DIY workshop a great way to get a rain barrel for your yard
Published 7:39 am Monday, May 1, 2017
This past weekend, I finally did something that I’ve been wanting to do for a long time: I made a rain barrel. I have seen lots of rain barrels for sale, but I never wanted to spend anywhere between $60 and $80 to get one. I had also seen lots of rain barrel workshop events, but they just never fit into my schedule. The stars finally aligned on Saturday, when Bluegrass Greensource held a rain barrel workshop and I made it a priority to attend.
If you are not familiar with Bluegrass Greensource, they are a great non-profit organization based out of Lexington. Their description on their website states “Bluegrass Greensource is THE source for all things green in central Kentucky, encouraging small steps toward a sustainable future for our communities. Formerly known as Bluegrass PRIDE, Bluegrass Greensource is a non-profit organization that provides education and resources on how we affect our environment. Since 2001, we have provided outreach to schools, community groups, businesses, local governments and citizens throughout central Kentucky.”
They are a great organization that encourages people to live more “green.” They have education programs and they also host and sponsor events like “Mainstreet Cleansweep,” which lots of Kentucky cities participate in over Earth Day weekend. During Mainstreet Cleansweep events, volunteers to clean up litter and spruce up their cities’ downtown spaces.
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Bluegrass Greensource offers several rain barrel workshops each year and they are often sponsored by different businesses or organizations. The one that I went to was sponsored by American Water. To attend the workshop, I just had to sign up online, pay $20 and show up the day of the workshop. They provided all of the instruction, materials and tools I needed to make my rain barrel.
Here is a link to the Bluegrass Greensource events page on their website so you can check out what events are coming up and see if they post another rain barrel workshop:
The rain barrels were actually really easy to make and I’d definitely recommend doing the workshop. I haven’t had a chance to install my rain barrel yet, but our instructor said to make sure it’s up high when we do, because then you have gravity working with you to give you more water pressure.
The good thing about having a rain barrel is that you can water your garden, wash your car, wash your dog or do any other outdoor activities that you normally would without using treated water from your house. That means that you are saving money on your water bill and you are also conserving water. You are also reducing the amount of water that has to be treated at the water treatment plant.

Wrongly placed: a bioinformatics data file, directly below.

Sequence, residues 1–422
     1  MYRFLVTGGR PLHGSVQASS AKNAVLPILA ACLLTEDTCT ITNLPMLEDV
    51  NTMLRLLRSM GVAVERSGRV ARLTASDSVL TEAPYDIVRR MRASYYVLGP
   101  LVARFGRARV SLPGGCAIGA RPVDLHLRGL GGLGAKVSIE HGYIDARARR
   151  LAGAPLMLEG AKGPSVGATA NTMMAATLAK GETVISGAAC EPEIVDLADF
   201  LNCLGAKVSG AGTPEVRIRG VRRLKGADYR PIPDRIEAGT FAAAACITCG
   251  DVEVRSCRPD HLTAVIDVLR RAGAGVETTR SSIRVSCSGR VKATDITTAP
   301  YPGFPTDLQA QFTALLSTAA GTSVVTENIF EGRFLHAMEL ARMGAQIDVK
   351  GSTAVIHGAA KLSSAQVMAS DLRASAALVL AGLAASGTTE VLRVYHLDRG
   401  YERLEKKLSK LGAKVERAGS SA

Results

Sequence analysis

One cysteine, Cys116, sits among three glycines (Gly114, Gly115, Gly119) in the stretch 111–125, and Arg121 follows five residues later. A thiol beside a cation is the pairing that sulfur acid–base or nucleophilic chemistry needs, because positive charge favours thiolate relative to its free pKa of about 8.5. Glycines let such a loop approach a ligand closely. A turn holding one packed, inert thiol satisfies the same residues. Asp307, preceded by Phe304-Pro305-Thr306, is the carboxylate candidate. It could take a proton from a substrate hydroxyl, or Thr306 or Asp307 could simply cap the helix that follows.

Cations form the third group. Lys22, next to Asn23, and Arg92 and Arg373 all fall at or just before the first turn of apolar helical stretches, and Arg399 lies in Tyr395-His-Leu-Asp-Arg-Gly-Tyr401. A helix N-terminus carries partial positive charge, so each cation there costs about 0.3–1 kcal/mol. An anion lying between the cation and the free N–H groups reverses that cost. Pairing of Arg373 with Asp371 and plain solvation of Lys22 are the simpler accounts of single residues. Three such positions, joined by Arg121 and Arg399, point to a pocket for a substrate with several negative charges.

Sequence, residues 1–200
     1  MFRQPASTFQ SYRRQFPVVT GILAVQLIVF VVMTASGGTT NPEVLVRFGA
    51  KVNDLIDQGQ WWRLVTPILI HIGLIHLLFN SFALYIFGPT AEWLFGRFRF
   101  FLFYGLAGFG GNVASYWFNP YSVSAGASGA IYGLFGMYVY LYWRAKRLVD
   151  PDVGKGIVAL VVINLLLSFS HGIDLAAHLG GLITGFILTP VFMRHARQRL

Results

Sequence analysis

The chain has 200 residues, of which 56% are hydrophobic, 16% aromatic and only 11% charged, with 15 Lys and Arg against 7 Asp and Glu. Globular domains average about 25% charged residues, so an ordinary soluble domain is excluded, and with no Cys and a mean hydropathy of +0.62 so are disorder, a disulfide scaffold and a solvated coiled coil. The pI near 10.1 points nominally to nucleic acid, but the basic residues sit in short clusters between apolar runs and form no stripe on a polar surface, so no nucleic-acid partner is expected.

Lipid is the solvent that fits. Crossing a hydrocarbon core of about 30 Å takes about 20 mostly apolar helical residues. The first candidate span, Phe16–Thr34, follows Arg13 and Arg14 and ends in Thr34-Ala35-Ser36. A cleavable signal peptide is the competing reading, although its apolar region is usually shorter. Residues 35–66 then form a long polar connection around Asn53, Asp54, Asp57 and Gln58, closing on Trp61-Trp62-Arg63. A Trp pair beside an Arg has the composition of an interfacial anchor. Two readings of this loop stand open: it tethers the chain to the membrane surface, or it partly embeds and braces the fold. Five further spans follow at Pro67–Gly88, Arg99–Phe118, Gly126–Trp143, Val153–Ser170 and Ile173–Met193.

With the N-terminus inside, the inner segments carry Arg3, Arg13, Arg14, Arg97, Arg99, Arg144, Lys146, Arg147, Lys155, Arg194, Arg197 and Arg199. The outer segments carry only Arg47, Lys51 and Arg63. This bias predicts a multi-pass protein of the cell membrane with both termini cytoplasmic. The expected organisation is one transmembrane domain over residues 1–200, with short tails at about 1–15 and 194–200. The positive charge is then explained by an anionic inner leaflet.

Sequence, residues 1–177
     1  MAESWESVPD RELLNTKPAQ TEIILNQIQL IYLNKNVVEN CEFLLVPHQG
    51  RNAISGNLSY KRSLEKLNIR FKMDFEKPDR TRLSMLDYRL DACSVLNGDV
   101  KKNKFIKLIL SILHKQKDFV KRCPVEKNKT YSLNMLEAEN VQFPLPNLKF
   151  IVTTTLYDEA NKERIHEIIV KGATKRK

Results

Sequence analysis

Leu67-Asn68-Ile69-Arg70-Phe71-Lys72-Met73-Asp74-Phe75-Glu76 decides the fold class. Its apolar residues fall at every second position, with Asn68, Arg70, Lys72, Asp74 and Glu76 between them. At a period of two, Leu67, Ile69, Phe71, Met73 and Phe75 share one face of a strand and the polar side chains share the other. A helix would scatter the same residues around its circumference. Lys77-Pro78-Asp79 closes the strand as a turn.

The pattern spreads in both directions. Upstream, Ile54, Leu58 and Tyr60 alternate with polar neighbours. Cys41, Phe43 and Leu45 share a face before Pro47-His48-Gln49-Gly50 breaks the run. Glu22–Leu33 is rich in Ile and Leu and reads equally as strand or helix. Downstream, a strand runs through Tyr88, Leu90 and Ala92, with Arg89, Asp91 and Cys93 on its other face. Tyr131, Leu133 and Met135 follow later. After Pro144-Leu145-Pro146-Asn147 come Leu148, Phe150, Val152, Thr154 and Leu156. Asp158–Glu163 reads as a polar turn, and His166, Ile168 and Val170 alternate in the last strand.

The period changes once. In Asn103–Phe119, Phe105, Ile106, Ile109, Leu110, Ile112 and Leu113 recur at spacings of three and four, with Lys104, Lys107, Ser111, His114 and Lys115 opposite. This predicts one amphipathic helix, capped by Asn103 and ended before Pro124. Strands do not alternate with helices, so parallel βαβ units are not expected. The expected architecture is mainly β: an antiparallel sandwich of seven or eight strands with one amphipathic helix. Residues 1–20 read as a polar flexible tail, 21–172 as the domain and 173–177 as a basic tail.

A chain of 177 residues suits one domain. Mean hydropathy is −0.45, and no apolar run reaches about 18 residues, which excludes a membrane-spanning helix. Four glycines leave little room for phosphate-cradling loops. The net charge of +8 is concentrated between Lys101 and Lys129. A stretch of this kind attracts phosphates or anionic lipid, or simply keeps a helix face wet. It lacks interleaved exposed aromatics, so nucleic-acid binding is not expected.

If you are washing your car or pet outdoors, it’s important to make sure you are using shampoos and cleaners with all natural ingredients — but that’s a topic for another column.
I’m really excited to get my rain barrel all hooked up so I can start collecting water and then start watering my plants with the water I collect.
Our barrel has an intake hole that hooks up to the downspout of our gutters to collect rainwater. It also has a tin vent on the top. And it has a spigot at the bottom and an overflow valve at the top where I can attach a second water hose and divert that overflow water anywhere I choose.
I’m also planning on painting my water barrel. It’s 55 gallons of bright blue right, which is fine, but I think I’ll paint it a color that will blend in a little more with its surroundings.
I also need to get some Mosquito Dunks, which are these little discs that you can put in standing water, like what will be in my rain barrel, or in ponds, birdbaths, etc. The discs are a larvicide for mosquito larvae, and they’re supposed to be all-natural and safe to use around animals. Once I get it installed and working, I’ll write an update about how it’s going.
Amanda’s Animal Fact of the Week
Only female mosquitoes bite. And they don’t use the blood they suck for their own nourishment; they use it as a source of protein for their eggs. Both the female and male mosquitoes eat nectar and other plant sugars.